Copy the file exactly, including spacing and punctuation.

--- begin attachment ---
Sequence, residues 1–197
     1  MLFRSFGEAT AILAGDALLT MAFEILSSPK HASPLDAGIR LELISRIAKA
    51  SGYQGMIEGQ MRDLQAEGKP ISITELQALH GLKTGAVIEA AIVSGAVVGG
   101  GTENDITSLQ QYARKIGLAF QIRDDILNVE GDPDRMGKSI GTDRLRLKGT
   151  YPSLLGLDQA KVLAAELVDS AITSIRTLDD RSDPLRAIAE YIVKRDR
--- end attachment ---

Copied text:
Sequence, residues 1–197
     1  MLFRSFGEAT AILAGDALLT MAFEILSSPK HASPLDAGIR LELISRIAKA
    51  SGYQGMIEGQ MRDLQAEGKP ISITELQALH GLKTGAVIEA AIVSGAVVGG
   101  GTENDITSLQ QYARKIGLAF QIRDDILNVE GDPDRMGKSI GTDRLRLKGT
   151  YPSLLGLDQA KVLAAELVDS AITSIRTLDD RSDPLRAIAE YIVKRDR